It can help me to see the stages. It’s also just neat. I never really documented that process in the past, as much as I do now. So I am getting to see a side of my work I never really have before. It’s fun for me, too.
What kind of environment do you need to create in your studio in order to work?
I need the environment I am in to reflect my work in one way or another. I put a lot of time into creating a studio space that inspires me, and reflects the work I am doing.
There are times I work outside of the studio for a change of pace, and those times it is not as necessary to have an environment like that. But, for the most part, existing in a physical manifestation of the work makes more sense to me than not, when creating.
The walls are filled with past works for me to see what I have done right, and what I have done wrong in the past. Books, props, and ephemera surround me, things I can turn to in the moment for whatever reason.
There’s a lot of morbidity in your work. What draws you to death-related images and themes?
I always wince a bit when I hear people describe my work that way. Webster’s offers this as one of the definitions of morbid: “characterized by or appealing to an abnormal and unhealthy interest in disturbing and unpleasant subjects, especially death and disease.”
Death is a part of life. This isn’t a silly, or simplified understanding of a stage in our biological lives, but a fact. With that fact comes the effect death has on us and everything/everyone around us. It permeates things as much as the sun’s rays and the moon’s light. Acknowledging that and examining those often ignored effects doesn’t seem “unhealthy” to me. In fact, I would say the opposite.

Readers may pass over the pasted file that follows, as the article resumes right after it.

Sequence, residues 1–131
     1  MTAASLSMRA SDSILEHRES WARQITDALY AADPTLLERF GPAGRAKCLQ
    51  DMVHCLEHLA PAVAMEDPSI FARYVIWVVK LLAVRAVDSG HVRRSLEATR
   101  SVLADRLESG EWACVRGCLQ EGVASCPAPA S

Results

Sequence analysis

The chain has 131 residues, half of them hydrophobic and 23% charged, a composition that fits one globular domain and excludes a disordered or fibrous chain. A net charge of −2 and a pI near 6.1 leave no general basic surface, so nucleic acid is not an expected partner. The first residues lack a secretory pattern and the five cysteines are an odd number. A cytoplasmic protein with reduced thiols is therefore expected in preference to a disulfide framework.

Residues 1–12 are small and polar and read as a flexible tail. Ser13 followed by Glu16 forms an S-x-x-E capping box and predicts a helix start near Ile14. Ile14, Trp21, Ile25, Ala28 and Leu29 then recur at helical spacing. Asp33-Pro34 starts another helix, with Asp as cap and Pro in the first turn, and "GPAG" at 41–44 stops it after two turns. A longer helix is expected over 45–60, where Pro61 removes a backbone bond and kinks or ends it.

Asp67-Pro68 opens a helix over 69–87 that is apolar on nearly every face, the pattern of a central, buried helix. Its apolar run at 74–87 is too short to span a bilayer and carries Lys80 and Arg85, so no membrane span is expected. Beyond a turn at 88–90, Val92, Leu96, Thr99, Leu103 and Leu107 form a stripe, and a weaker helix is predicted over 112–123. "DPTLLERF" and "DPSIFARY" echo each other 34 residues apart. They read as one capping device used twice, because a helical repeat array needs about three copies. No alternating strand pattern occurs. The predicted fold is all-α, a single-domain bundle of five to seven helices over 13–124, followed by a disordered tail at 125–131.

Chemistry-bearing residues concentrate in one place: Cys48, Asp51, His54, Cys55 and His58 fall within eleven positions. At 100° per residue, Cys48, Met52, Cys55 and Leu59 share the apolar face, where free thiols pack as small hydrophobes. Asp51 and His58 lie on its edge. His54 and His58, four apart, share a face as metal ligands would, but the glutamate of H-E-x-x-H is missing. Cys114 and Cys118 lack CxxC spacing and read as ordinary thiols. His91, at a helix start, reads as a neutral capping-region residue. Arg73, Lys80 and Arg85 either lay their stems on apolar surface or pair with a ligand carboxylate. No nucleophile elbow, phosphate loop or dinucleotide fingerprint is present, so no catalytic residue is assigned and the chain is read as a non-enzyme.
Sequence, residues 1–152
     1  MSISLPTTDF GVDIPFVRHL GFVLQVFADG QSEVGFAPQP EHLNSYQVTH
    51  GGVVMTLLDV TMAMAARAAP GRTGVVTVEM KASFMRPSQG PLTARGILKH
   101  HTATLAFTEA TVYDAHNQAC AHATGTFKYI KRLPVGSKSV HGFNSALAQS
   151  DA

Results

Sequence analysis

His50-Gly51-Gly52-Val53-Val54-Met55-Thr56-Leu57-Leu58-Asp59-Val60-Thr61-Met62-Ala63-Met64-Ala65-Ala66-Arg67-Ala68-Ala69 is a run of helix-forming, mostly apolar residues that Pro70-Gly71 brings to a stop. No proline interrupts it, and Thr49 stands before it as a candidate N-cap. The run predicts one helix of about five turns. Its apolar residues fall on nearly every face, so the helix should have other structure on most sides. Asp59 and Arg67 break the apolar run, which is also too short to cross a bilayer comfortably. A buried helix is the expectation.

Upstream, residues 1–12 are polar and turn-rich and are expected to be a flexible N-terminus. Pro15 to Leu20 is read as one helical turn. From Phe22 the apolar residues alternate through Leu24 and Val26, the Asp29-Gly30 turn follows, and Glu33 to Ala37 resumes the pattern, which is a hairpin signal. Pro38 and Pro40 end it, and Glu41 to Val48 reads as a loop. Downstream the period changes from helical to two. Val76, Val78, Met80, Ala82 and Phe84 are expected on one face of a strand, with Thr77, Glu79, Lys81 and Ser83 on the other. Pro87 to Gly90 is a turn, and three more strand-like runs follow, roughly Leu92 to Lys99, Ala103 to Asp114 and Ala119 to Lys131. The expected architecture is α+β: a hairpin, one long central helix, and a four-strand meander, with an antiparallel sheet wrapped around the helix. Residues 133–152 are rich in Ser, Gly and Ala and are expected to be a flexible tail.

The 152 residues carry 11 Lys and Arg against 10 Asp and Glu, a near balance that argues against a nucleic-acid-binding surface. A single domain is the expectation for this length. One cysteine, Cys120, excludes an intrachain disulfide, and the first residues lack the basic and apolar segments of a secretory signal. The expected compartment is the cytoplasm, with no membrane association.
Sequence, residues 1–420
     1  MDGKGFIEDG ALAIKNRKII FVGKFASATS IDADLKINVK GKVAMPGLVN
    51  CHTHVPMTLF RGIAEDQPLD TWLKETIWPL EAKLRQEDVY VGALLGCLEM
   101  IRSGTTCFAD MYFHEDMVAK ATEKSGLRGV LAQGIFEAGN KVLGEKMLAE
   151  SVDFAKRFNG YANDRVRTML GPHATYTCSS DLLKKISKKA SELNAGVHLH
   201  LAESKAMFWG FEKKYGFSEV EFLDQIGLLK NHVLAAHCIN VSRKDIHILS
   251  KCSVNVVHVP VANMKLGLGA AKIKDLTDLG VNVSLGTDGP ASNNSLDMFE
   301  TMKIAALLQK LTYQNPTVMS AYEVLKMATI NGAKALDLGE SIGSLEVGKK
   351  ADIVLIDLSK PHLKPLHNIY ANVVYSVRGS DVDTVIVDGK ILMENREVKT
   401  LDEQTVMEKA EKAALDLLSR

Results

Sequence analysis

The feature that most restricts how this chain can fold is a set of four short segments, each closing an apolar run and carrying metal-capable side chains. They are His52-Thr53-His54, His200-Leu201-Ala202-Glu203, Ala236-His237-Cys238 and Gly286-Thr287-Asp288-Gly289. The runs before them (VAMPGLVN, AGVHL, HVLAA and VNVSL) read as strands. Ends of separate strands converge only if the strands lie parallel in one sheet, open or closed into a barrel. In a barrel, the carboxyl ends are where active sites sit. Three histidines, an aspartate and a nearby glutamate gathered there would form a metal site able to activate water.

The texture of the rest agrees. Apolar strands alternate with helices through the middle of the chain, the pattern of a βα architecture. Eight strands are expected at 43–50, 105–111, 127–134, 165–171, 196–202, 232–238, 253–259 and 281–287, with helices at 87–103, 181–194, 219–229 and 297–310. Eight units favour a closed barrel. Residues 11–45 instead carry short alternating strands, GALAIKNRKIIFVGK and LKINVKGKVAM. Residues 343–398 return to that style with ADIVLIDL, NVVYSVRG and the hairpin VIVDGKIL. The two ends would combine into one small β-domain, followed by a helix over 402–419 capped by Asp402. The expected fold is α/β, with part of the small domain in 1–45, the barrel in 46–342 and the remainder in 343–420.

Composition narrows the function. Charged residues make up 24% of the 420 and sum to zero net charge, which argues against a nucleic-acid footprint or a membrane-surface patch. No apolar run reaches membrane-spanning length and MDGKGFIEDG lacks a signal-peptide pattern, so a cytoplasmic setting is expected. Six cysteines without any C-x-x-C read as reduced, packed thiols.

As for what draws me to do such imagery, it is that very fact of how entwined it is, and its effect that draws me to it. I see that as much as I see the life’s impact. I try to show both in the work.
I think people are so programmed to believe death is a negative, or how uncomfortable its results make them, that they see my willingness to confront it and exist with it as a morbid thing. I feel it is important.
Fear leads so many people by the nose it seems, and death is a thing people are very scared of. The fear itself becomes a kind of death, in a metaphorical sense. So I try to show that the way Norman Rockwell showed us scenes of everyday life. I just point out where death might be standing in relation to the people in those scenes.
You have a series of work called “Mail Art” that includes elaborately design envelopes. What’s the story behind that project?
I started it almost 20 years ago, back when the internet was super slow due to phone modems. I would be waiting for pages to load, and one day I just started drawing on the envelope for a letter I was sending to a friend.
Over the years it has grown into something I have traded with folks, or offered a sort of subscription, to help me afford living as an artist.
I like seeing what the story is with the part of the stamp’s picture we don’t see, so sometimes I make the stamp a part of the overall image. I also use that portion of the art to be a little sillier than I might in the rest of my work.